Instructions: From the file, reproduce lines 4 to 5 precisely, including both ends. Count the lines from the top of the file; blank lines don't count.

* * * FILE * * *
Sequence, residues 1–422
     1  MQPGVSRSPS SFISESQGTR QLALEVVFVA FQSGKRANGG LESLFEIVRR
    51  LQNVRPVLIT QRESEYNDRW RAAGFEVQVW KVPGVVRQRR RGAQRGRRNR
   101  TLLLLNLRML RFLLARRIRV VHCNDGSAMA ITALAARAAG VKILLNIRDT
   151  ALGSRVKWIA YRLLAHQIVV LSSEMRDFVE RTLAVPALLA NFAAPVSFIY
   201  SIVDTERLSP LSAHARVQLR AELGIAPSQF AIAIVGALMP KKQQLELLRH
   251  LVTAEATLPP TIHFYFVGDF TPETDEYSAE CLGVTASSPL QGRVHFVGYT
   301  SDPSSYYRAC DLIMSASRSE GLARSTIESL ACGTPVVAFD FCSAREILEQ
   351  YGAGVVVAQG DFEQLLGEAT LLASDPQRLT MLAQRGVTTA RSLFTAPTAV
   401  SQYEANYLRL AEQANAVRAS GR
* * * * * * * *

   101  TLLLLNLRML RFLLARRIRV VHCNDGSAMA ITALAARAAG VKILLNIRDT
   151  ALGSRVKWIA YRLLAHQIVV LSSEMRDFVE RTLAVPALLA NFAAPVSFIY